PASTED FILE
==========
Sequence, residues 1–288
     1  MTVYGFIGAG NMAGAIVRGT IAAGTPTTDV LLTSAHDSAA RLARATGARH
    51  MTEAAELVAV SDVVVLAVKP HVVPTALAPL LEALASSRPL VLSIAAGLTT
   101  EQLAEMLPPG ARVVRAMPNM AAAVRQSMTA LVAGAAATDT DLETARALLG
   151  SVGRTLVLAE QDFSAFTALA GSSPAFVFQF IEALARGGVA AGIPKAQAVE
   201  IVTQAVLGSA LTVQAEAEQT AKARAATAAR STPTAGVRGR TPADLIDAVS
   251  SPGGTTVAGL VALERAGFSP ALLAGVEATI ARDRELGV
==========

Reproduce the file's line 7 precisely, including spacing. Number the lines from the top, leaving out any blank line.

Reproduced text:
   251  SPGGTTVAGL VALERAGFSP ALLAGVEATI ARDRELGV